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AMD's K8L diagram

AMD's K8L cache design

Four 16-bit or Eight 8-bit HyperTransport Links

K8L's instruction dispatch diagram
K8L details continue to pour in at AMD's Technology Analyst Day

During the AMD Technology Analyst Day, AMD’s CTO Phil Hester rehashed the majority of the K8L information we discussed on DailyTech several days ago, but disclosed further details on specifics.  Hester was very specific to refer to these new technologies as simply “new architecture,” and never using the K8L core name. 

Internally, AMD engineers use the codename Greyhound to describe the "new architecture."

A major push for AMD’s K8L design is in “modular” component design – meaning everything from L3 cache to memory controllers are developed as individual components and linked together with reusable, robust designs.  To some extent, processor design is already modular with libraries and designs that are developed individually.  However, Hester insists this new modular approach takes this modular approach even further, claiming that the company is developing “better define the interfaces for each of these building blocks.”

Additionally, Hester revealed some more information about the cache specifics on K8L.  Each K8L core will have 64KB of dedicated L1 cache, followed by 512KB of dedicated L2 cache.  The base models of K8L will have 2MB of shared L3 cache, but Hester also went on to claim that adding more L3 cache was in the company’s roadmap.  One thing AMD representatives have not particularly touched on is the cache reduction from 64+64KB (data+instruction) to 32+32KB.  AMD employees have assured us this move is logical with the addition of L3 cache. 

A major feature of K8L is DICE, or Dynamic Independent Core Engagement.  Essentially, the ACPI layer will have the ability to dynamically adjust individual cores and crossbars on the processor.   Each processor core will have the ability to enter its own power-state, or p-state, allowing a K8L processor the ability to conserve power when the system does not have enough threads to utilize the other processor cores.  Intel’s Core processors have the ability to enter c-states on a per-core basis, but the AMD demonstration showed a quad-core K8L processor dip individual cores into full halt.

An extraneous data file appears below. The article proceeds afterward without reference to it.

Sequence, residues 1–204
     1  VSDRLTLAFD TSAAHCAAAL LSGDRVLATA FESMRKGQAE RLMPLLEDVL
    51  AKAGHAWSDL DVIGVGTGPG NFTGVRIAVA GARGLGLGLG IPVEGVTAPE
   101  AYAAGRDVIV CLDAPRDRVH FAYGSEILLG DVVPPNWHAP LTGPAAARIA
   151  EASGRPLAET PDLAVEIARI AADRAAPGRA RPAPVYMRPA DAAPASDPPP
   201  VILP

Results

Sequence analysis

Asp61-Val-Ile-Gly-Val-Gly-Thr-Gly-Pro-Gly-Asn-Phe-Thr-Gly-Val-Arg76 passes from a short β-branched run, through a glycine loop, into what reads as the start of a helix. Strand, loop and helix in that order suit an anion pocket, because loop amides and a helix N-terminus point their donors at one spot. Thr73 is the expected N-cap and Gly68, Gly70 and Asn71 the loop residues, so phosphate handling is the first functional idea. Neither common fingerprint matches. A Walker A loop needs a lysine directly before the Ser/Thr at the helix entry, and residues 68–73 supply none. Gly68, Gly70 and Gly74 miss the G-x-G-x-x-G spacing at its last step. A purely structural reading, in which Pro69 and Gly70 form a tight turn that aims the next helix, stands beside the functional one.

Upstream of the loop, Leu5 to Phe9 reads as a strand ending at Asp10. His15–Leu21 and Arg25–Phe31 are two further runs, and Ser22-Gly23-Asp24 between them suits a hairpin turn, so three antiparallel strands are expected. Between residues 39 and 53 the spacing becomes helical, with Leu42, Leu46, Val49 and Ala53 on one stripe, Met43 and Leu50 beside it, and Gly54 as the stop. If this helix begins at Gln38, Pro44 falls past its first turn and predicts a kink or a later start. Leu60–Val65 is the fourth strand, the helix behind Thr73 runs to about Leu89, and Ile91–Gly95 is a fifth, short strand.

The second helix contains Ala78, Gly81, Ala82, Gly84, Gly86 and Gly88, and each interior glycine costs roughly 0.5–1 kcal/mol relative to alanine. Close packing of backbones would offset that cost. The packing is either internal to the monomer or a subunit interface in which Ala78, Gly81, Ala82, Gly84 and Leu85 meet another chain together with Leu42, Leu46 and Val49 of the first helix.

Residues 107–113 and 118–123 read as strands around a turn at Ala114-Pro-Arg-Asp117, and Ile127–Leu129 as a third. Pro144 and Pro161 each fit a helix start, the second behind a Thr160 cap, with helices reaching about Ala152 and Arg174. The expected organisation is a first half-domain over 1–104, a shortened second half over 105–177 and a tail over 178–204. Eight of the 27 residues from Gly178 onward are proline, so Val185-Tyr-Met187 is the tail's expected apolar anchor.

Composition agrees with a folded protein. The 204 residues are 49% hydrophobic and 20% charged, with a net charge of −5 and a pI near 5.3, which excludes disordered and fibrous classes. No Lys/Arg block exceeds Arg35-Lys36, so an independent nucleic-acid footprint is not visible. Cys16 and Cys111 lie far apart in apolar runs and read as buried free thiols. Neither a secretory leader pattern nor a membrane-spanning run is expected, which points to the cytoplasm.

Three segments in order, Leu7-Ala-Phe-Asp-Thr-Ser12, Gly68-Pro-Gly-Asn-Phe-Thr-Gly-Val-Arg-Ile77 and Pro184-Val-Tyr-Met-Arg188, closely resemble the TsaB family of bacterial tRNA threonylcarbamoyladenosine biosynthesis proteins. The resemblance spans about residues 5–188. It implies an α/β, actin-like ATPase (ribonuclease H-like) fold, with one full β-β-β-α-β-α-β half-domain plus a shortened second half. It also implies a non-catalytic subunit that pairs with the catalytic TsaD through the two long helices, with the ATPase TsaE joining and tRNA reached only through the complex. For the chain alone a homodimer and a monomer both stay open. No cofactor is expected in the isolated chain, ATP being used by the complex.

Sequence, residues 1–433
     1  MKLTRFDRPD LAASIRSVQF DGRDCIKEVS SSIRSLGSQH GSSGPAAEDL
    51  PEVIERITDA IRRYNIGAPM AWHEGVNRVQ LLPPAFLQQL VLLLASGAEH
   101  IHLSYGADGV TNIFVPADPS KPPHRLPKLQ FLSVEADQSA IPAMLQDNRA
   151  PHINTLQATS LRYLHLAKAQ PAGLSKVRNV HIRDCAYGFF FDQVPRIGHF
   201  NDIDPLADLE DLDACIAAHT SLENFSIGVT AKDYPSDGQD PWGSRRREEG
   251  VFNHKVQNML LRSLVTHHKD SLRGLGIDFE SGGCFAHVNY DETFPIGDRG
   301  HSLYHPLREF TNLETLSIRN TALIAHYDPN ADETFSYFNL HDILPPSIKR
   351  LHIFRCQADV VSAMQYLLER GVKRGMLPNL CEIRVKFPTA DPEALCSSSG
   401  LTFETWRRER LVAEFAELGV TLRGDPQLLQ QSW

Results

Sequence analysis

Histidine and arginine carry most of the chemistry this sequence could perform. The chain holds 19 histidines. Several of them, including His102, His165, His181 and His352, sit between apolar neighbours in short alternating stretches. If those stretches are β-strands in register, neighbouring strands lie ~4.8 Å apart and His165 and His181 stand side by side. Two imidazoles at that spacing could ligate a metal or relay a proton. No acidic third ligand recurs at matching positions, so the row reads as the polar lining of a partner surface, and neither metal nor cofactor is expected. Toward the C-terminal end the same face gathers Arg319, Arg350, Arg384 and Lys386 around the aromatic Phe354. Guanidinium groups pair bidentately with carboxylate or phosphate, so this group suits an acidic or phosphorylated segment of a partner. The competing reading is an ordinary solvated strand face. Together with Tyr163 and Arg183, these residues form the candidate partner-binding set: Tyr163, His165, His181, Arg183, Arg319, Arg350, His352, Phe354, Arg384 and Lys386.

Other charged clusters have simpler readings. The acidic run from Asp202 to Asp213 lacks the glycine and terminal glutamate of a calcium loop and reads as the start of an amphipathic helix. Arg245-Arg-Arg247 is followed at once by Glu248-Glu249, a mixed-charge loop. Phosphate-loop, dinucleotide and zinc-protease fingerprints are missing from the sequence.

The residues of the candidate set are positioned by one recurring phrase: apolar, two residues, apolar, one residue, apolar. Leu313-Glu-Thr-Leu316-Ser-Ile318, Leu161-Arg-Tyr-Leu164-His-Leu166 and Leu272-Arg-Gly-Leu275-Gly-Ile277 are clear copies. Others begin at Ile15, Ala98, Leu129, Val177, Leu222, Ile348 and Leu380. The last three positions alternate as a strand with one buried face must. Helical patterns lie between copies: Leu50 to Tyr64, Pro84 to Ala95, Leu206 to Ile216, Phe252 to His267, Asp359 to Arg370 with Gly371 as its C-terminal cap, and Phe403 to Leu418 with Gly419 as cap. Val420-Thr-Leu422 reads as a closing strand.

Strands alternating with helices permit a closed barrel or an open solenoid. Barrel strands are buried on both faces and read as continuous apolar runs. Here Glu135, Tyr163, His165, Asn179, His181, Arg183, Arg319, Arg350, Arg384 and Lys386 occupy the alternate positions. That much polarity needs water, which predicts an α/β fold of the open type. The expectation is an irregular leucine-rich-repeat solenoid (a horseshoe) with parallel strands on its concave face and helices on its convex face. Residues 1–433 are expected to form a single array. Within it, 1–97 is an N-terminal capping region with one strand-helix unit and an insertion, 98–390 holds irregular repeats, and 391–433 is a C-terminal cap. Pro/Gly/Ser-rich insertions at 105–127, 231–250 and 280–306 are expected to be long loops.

Opteron servers right now are, for the most part, limited to PCs with eight sockets or less.  Part of this is due to the fact that each processor has only three HyperTransport links.  Hester announced that the next generation Opteron core will have four 16-bit HyperTransport-3 links running at 2.6GHz each.  These four links can reconfigure into eight 8-bit HyperTransport links in a process called “un-ganging,” which is a fundamental feature of HyperTransport-3.  Essentially, one could have an eight-socket server with thirty-two fully connected cores.  Each processor will be able to take advantage of any of the eight memory banks within one memory hop.  The HyperTransport-3 specification claims un-ganging mode can work on the fly, meaning that even a fully connected eight-socket server could dynamically change two 8-bit links into a single 16-bit link during operation to increase I/O at critical moments. 

K8L is designed as a native quad-core design, although slides from the Technology Analyst Day also revealed that a dual-core desktop SKU will appear in mid-2007.  So far, DailyTech has touched a little bit on the 65nm quad-core code names announced in AMD roadmaps, but to our knowledge the code names for dual-core K8L processors have not been disclosed.

Update 07/06/2006:
  Please read the update to this article about the K8L L1 cache sizes.


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RE: L1 Cache
By Scrogneugneu on 6/4/2006 10:20:04 PM , Rating: 2
If AMD did cut the L1 in half, it might be to save money. Just think about it, L1 cache is made from very low latency memory, and has a high production cost. If you include half as much per core, you save a lot of money, even more if you consider that the total number of cores is going up.

My guess : since you have 2 (or more) cores working, they should all have less work than a single core. Thus, they should all need less L1, as the little time they lose with a L1 cache miss is taken up by the fact that the core has half as much work to do.

One core needs to be really fast to emulate a high number of real-time calculations, but if you have 2, then to offer the same performance, they need to be only half as fast in theory. Therefore, a reduction in L1 size coupled with twice as much cores available enables taking up twice as much workload, without any huge increase in production cost.


RE: L1 Cache
By Tyler 86 on 6/5/2006 12:09:01 AM , Rating: 2
I love how the rumor buster statement is so vague..

"... the contrary at Daily Tech, the L1D and L1I caches remain at 64KB each, according to a senior architect at AMD."
... 64KB? That's half of 128KB.
Does it mean 32KB+32KB = 64KB?
Does it mean 64KB+64KB = 128KB?

Back to square one.


RE: L1 Cache
By Tyler 86 on 6/5/2006 12:09:53 AM , Rating: 2
Nah I guess it's not so vague. 64KB + 64KB it is. I hope.


RE: L1 Cache
By anoninsider on 6/6/2006 2:21:13 PM , Rating: 2
When architects talk about caches, they always talk about data and instruction cache separately. I and D cache are just totally separate beasts, for a variety of reasons.

The sentence is crystal clear, L1I and L1D cache are 64KB each. 64KB+64KB = 128KB.

The K8L will have 64/64 D/I caches. The total is 128K, but how it is split is more important than the total.


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